TPU Scientists Develop Supersensitive Sensors for Mirror Molecules in Medicines

Researchers of Tomsk Polytechnic University collaboratively with colleagues from the Czech Republic developed supersensitive sensors for detecting enantiomers, known as ‘mirror molecules’, in drugs. These molecules can reduce drug effectiveness or even be harmful to humans. Experiments revealed that the developed sensors possessed the best sensitive properties, compared to traditional methods. They use organometallic frameworks as traps for enantiomers. The studies are published in Applied Materials Today (IF: 8.013; Q1).

Enantiomers are molecules with a similar formula and physical properties, but they have different rotation directions of polarized light. Therefore, they are like mirror images of each other. Due to this characteristics, enantiomers can result in different biological effects.

“These are chiral molecules, most of which are part of medicinal substances. Their presence is strictly regulated. The medicine should either not contain enantiomers at all or their concentration should not be harmful for health. So, there should be methods to quickly and efficiently detect enantiomers.

The currently used detection methods include electrochemical techniques and chromatography. Their detection limit usually does not exceed 10-8 mol per liter. Our sensors demonstrated a detection limit of up to 10-18, i.e. they are ten orders of magnitude more sensitive. Moreover, chromatography is an expensive method,” Olga Guselnikova (a group of associate professor Pavel Postnikov), one of the authors, a research fellow of the TPU Research School of Chemistry & Applied Biomedical Sciences says.

The sensor is a thin gold plate with a wavy surface. The team has used those plates in other studies. However, now the researchers have succeeded in grating organometallic frameworks consisting of zinc ions and organic elements. This is a porous structure that catches the targeted substances. It is possible due to the correctly selected pore size in the framework and the similar chemical nature of the compounds that need to be caught.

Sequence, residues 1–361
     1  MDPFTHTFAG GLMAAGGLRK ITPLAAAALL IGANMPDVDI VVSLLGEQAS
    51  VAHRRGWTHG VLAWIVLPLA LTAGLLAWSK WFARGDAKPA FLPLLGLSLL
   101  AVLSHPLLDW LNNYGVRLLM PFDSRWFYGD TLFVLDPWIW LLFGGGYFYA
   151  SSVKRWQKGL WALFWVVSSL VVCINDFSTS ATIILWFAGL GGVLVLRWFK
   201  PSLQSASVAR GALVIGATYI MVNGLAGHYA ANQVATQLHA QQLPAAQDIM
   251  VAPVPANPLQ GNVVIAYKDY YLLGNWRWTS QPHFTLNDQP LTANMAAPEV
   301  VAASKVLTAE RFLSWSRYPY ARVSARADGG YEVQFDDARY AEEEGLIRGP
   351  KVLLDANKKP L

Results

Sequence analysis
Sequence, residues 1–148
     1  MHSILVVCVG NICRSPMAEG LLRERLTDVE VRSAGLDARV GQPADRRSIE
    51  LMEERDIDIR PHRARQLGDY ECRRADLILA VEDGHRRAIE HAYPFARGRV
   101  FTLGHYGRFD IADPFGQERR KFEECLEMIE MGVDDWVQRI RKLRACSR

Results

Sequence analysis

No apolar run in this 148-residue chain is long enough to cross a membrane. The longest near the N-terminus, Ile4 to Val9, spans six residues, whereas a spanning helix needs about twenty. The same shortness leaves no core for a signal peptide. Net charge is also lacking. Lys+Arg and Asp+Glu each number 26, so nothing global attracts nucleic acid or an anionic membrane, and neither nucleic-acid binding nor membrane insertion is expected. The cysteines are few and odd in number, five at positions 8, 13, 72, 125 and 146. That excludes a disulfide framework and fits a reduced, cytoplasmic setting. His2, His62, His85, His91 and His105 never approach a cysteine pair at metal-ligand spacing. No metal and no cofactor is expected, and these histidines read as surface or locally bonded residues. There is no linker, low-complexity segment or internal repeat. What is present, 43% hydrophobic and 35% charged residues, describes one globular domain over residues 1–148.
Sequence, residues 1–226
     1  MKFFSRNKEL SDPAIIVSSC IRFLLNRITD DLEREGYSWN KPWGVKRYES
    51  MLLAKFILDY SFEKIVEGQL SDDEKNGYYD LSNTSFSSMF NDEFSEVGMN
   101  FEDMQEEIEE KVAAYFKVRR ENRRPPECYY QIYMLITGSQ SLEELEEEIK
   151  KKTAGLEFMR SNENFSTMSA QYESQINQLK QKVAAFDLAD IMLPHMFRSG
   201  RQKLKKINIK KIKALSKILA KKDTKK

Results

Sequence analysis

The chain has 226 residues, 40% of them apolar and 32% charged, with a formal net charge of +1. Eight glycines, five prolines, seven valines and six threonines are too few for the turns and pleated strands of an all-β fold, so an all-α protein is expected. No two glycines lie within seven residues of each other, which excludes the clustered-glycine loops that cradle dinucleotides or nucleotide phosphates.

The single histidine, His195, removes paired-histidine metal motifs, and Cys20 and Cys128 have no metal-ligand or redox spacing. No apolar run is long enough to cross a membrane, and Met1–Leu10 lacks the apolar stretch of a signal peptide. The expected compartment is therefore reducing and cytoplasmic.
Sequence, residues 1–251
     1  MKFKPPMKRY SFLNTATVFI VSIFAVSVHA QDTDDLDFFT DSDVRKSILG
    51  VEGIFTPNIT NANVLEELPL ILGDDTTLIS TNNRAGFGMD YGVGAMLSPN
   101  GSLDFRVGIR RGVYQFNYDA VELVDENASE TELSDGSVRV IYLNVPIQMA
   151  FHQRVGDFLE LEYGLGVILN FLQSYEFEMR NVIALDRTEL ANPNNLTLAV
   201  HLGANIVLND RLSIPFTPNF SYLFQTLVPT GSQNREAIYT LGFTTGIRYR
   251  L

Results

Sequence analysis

In particular, the researchers conducted experiments with the framework that included lactic acid. It is optically active, so the organometallic frameworks based on its enantiomers can be a trap for other optically active substances. This sensor construction was tested on an antiparkinson drug and a number of amino acids.

It is enough to drip a solution of the analyzed substance onto the plate. Further analysis can be carried out using a portable Raman spectrometer, which takes less than five minutes.

“Our sensor amplifies the signal for the spectrometer simultaneously by two methods. It is a significant element of this study.

On the one hand, the signal is physically amplified due to the effect of surface plasmon resonance, generated by the gold plate. On the other hand, our organometallic frames amplify the signal chemically. We were one of the first to demonstrate a sensory system, combining two amplifying methods of the Raman signal,” the researcher notes.

According to Dr. Guselnikova, these sensors can be used both to control the quality of drugs and environmental monitoring, i.e., to detect contaminants in water and soil.

The study is conducted jointly with scientists from the University of Chemistry and Technology of Prague and the University of Jan Purkine (the Czech Republic).

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The dangers of enantiomers in drugs were discussed in the middle of the 20th century after the thalidomide tragedy. Thalidomide was a popular sleeping pill that used to be prescribed to pregnant women in Europe, Australia, and the United States. It turned out, it caused congenital malformations in children whose mothers took thalidomide. They were caused by enantiomers. One of them provided the therapeutic effect, while the second one was introduced into the cellular DNA and impeded the normal replication process, necessary for cell division and embryo development. The thalidomide tragedy forced many countries to review existing drug licensing practices and tighten licensing requirements.